The coronavirus pandemic will bring about the “end of Brussels” and the resurgence of nation states, renowned French essayist and writer Éric Zemmour wrote in an article published in Le Figaro, France’s oldest national daily newspaper.
“The European Union is the first casualty of the coronavirus,” reads the title of Zemmour’s article, in which the author discusses what he believes is the fall of Brussels and the almost forgotten role of the nation states as coronavirus ravages the continent.
“When Italians in Lombardy were threatened by the virus, Italian people began looking to Rome, not Brussels. Meanwhile, they also had to realize that France is mocking them and Berlin has denied help,” the popular conservative intellectual and author writes. Early in the crisis, both France and Germany refused to provide medical supplies and support to Italy, an action that was widely criticized.
Citizens’ instinct to look to the nation state is the central tenet of Zemmour’s article. He writes that while there was a forcible attempt to remove nation states from people’s thoughts over the years, the crisis has proven that the nation state is all there is left, with Zemmour calling for a Europe of nations.
“We are much stronger. France is our home, Europe is our future. We must forge a European sovereignty,” the author writes. “When death rides across Europe, people are not turning their worried gaze to Brussels, but to their own nation state, the very state that for decades citizens have regarded to be in the past. The nation state now shows that it is essential for delivering health services and maintaining rules.”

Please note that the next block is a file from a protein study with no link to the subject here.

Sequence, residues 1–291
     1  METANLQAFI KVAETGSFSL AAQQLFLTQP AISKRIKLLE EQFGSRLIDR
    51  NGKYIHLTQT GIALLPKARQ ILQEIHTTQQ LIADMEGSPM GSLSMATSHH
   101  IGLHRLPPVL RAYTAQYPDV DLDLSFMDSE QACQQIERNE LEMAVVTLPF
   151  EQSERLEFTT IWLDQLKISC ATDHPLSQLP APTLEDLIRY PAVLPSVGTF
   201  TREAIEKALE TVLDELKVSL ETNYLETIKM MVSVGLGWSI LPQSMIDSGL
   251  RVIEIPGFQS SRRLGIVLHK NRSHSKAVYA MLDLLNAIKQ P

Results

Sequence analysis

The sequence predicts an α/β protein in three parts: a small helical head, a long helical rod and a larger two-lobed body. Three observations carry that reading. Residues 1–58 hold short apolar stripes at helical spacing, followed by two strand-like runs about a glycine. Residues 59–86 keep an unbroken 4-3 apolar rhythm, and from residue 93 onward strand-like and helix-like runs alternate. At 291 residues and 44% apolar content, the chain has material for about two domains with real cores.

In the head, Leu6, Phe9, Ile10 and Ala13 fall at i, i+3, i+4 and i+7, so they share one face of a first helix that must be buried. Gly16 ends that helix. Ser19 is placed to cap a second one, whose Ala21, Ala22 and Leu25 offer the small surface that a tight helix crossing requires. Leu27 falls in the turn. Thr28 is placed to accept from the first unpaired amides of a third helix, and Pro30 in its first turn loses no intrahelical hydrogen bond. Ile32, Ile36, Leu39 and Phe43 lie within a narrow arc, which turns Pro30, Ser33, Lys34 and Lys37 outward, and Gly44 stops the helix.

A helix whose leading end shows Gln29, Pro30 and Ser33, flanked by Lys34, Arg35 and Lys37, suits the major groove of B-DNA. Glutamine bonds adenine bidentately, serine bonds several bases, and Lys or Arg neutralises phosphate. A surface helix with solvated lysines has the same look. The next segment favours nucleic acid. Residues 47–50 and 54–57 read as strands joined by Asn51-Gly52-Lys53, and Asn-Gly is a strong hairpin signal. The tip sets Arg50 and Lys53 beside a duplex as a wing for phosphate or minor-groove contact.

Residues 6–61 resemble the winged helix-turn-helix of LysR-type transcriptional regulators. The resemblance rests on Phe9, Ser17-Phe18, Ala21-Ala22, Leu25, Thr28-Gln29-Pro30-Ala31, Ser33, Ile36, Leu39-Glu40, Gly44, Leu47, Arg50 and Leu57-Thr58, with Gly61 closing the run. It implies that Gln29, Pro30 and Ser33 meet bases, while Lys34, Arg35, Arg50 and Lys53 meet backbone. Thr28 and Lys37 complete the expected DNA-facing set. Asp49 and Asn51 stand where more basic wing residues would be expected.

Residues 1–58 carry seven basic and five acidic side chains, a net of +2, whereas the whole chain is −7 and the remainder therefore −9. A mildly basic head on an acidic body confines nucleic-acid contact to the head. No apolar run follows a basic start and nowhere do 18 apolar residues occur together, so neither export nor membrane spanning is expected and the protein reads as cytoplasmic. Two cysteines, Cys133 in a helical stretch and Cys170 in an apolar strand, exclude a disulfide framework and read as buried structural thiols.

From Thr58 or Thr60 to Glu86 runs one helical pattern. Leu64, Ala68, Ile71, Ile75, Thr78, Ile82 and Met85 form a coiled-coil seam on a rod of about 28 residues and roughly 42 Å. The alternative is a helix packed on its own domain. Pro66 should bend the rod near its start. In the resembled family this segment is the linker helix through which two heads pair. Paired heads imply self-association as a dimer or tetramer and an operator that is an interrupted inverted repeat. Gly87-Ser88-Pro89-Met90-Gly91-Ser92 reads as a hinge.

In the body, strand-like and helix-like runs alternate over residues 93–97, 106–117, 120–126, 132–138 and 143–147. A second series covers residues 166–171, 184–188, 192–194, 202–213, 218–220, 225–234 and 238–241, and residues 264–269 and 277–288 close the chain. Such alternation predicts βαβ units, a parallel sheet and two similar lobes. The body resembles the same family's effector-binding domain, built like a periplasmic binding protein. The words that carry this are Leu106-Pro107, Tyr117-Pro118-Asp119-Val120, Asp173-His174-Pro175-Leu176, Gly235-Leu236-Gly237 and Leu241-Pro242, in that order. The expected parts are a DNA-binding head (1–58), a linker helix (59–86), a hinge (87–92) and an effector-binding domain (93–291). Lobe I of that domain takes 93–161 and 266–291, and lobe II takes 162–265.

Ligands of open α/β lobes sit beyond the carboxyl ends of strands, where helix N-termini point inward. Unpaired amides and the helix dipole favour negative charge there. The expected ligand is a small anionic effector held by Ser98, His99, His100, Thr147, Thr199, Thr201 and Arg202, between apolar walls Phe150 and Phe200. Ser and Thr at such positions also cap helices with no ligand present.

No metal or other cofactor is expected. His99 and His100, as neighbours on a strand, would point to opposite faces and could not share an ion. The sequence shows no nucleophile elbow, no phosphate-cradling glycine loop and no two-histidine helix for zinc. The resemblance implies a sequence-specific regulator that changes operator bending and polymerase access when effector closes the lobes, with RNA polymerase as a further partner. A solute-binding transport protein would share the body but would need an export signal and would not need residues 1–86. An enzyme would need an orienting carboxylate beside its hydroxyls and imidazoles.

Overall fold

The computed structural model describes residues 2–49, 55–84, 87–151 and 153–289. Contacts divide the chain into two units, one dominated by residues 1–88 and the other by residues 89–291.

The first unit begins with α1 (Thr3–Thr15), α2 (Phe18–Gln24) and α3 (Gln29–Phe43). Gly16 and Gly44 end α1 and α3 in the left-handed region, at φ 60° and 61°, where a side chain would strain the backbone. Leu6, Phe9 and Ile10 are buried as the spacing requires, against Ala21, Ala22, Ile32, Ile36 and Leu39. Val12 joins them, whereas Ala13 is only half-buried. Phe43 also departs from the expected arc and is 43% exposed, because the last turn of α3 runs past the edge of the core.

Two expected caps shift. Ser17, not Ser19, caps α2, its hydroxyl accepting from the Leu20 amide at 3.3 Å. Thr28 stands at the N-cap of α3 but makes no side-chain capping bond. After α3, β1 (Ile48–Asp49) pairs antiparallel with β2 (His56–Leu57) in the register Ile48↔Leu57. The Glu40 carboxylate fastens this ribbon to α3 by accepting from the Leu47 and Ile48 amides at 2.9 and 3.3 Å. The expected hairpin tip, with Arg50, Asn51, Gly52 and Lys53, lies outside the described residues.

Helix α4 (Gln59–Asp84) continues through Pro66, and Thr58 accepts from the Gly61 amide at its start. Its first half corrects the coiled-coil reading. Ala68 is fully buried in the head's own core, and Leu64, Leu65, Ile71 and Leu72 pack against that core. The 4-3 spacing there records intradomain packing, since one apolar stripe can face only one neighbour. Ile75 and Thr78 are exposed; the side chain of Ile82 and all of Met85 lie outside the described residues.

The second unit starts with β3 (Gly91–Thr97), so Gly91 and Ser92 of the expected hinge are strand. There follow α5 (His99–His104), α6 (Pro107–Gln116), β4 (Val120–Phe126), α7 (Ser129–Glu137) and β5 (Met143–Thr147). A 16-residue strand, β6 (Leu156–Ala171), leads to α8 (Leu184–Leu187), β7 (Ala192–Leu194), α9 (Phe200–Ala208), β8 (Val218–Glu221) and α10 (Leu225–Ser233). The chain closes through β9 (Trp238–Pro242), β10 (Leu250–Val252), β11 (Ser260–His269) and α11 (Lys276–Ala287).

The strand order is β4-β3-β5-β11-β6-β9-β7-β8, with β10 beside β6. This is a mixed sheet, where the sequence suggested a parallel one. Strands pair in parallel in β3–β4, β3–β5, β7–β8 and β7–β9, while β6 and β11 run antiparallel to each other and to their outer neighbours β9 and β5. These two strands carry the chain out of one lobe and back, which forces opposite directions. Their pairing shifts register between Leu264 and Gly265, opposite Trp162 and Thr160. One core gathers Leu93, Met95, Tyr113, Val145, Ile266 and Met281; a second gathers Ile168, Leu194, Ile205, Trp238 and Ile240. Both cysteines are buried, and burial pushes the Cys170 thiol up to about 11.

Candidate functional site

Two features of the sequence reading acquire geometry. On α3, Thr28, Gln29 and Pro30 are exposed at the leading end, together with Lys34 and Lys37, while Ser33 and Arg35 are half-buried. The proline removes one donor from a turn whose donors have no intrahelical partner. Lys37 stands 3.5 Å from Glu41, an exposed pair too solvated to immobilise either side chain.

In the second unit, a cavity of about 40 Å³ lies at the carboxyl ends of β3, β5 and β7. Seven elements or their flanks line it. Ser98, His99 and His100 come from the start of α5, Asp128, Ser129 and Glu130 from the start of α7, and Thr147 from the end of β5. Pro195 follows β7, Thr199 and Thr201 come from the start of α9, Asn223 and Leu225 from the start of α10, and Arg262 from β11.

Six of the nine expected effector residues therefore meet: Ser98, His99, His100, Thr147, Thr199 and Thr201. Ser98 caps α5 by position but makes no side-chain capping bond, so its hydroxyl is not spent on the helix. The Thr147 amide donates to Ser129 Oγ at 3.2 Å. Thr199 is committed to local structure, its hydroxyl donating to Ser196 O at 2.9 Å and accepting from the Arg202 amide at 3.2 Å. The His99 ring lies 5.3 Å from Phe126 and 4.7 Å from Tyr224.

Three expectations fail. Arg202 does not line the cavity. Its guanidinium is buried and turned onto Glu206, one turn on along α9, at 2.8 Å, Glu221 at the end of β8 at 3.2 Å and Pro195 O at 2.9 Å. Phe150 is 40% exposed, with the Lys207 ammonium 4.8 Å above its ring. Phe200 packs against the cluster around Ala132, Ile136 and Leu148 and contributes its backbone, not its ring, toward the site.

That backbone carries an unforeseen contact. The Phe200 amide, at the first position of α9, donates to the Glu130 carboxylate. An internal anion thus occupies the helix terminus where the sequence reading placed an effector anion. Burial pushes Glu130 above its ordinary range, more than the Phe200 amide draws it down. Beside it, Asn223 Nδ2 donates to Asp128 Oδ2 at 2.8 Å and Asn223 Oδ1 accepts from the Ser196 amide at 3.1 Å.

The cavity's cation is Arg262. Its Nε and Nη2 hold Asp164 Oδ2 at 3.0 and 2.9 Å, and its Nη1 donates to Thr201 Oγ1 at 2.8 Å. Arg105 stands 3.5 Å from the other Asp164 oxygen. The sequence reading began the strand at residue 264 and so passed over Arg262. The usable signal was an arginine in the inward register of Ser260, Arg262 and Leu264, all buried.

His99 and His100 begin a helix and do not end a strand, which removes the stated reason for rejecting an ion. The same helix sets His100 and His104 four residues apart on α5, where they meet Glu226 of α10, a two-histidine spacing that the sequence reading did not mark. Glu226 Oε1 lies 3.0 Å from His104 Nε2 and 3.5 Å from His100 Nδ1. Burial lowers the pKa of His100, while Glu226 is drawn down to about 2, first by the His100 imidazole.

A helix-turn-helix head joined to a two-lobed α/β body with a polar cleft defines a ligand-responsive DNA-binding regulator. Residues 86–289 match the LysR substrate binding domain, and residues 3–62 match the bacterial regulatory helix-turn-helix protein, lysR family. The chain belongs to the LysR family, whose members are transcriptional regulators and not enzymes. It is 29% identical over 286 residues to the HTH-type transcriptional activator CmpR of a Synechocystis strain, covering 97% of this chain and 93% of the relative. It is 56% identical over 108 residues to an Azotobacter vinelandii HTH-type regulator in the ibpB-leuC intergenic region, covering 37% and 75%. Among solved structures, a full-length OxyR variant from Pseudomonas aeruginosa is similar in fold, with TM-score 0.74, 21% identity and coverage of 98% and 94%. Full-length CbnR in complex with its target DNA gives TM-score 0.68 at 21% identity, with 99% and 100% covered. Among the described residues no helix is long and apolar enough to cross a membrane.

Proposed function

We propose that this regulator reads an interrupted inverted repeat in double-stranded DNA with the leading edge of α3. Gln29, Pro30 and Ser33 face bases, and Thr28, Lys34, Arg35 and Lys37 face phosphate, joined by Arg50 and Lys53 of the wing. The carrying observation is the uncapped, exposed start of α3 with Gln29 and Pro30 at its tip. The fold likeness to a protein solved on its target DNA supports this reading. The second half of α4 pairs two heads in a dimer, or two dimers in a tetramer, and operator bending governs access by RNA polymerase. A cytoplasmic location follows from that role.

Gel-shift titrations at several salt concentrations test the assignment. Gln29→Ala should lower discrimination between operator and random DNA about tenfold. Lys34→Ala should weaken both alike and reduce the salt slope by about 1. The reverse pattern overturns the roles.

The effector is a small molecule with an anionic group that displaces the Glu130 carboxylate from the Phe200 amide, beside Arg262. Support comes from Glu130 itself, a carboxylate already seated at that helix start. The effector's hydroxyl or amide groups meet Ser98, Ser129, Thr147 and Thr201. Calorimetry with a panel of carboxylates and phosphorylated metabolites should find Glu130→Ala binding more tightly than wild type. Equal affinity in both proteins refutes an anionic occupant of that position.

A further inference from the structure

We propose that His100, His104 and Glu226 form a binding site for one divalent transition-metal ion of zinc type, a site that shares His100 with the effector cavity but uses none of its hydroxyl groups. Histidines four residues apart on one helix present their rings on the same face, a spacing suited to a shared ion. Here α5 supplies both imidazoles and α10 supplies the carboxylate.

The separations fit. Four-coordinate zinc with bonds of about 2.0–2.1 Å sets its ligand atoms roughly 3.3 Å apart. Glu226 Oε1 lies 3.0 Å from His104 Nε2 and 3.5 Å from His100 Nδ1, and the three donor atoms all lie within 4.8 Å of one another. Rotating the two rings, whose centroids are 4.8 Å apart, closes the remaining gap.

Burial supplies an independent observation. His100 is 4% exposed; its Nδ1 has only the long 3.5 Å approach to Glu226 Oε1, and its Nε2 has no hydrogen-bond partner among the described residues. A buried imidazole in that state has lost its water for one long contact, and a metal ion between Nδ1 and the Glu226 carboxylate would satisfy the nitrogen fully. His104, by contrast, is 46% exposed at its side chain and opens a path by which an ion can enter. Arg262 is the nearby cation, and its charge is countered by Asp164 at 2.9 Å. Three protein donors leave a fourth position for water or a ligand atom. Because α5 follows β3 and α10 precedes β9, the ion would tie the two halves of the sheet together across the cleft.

Zemmour also blamed French President Emmanuel Macron for failing to close the Italian-French border, claiming that “the virus has no passport”.
“Despite this, Germany, Hungary, the Czech Republic and Austria have closed their borders, while Macron in Paris was still only speaking about closing the outer Schengen borders. Our president seems not to realize that when it comes down to human lives, Schengen is no longer. He did clearly realize though that Maastricht [the base treaty of the European Union] is dead, but this was something the Germans didn’t want and stuck to enforcing fiscal rules.”
Zemmour wrote that globalization has no response to the crisis, with laws and free trade unable to halt the disease. Meanwhile, given the indifference and impotence of the Brussels bureaucrats, nation states are again becoming indispensable and unavoidable.
Zemmour is the author of “The French Suicide” and is known for his strong opposition against continued immigration to France. In a previous interview, he compared immigration in his country to a “demographic tsunami” and said he believes current immigration and integration policies have failed. He worked for the French channel RTL from 2010 to 2019.
Title image: French essayist Éric Zemmour (image: Jean-Christophe Marmara)